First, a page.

A mainstay on cooking shows in his native India, Ranveer has also put his stamp on highly regarded restaurants in Boston.
Behind the stoves at Mayura is executive chef Rahul Bhatt, who brings great skill and creativity to the tastefully conceived menu.
There’s an inventive version of the classic Indian cold snack chaat. Here, it features a mountain of crisp, feather-light battered kale lavished with yogurt, pomegranate seeds, dried cranberries, sweet potato, tamarind chutney and thick yogurt. It’s the most refined version of chaat I’ve encountered.
In another creative dish, plump, chicken drumsticks, scented with green garlic and coated with thick yogurt marinade, are stuffed with delicious minced-chicken-and-pistachio forcemeat. A red chile marinade lends quiet heat to shrimp perfectly cooked in the tandoor and garnished with spicy pineapple.
Thick and silky yellow gravy enriched with finely ground nuts enrobes moist nuggets of chicken. And chef Bhatt is an expert with lamb — tandoor-cooked chops sheathed in yogurt-accented, masala-scented green chile mustard; meltingly tender New Zealand shank in sumptuous yogurt/onion gravy; and chunks of superbly delicate boneless leg in rich tomato/onion gravy.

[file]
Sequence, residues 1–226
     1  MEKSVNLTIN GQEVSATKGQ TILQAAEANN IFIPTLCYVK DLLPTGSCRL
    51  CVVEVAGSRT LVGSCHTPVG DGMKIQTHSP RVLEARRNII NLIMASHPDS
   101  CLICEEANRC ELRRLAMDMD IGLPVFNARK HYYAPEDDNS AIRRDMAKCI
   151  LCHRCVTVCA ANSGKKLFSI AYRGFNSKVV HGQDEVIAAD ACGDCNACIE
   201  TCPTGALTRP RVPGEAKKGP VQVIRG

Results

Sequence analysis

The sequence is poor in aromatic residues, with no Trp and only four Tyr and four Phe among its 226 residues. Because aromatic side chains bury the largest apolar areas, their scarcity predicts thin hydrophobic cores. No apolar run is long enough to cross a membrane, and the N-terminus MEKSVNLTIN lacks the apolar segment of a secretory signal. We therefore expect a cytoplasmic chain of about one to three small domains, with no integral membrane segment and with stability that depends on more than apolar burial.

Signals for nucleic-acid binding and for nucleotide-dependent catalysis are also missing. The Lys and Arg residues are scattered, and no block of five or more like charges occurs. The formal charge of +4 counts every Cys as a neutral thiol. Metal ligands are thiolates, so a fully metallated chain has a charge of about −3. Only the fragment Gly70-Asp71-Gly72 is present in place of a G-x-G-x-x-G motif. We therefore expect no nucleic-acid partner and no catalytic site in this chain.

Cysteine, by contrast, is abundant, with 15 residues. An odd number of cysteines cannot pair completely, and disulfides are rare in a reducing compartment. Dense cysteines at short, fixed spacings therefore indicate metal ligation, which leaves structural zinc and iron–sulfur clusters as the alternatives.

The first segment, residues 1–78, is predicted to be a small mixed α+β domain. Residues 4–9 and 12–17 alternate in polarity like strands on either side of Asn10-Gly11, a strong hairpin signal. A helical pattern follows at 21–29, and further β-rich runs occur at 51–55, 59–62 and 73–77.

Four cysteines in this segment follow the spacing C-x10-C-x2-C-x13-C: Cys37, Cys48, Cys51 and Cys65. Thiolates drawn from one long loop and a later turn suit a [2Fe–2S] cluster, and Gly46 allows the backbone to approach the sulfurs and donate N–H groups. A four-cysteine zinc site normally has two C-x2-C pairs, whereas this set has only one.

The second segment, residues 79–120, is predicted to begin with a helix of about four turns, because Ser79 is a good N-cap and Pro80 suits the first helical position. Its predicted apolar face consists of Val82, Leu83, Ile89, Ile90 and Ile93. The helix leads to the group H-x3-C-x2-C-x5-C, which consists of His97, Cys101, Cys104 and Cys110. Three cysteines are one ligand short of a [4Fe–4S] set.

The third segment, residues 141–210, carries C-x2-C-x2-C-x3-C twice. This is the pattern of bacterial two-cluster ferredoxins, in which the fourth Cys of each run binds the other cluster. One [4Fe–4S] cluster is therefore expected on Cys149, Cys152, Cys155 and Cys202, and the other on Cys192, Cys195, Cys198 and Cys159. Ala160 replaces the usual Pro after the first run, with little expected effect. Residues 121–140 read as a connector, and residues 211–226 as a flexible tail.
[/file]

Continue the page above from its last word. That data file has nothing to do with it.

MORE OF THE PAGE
Desserts, too, show a level of inventiveness uncommon to most Indian kitchens. Gulab jamun, the classic milk-dough dumplings, anchor velvety, custard-textured cheesecake. Almond filling animates a sturdy-crusted tart. To finish, there’s a sizeable sundae built on cream, vanilla ice cream, rose syrup and sweet vermicelli noodles.
Group dining options include two private rooms (one seating up to 30 people and another seating up to 20); the bar area (accommodating 10, cocktail-style); another dining area seating 60; and the patio, which features its own bar and accommodates 60, seated plus another 40, cocktail-style. The entire restaurant is available for buyout and accommodates 175, seated plus another 75, cocktail-style.
— Don Douloff has been a restaurant critic for over 30 years and, during that time, has critiqued more than 1,400 eateries. In 1988, he studied the fundamentals of French cuisine at Ecole de Cuisine La Varenne in Paris, France. During his time in France, he furthered his gastronomic education by visiting the country’s bistros, brasseries and Michelin-starred temples of haute cuisine. He relishes exploring the edible universe in his native Toronto and on his travels throughout Canada and abroad.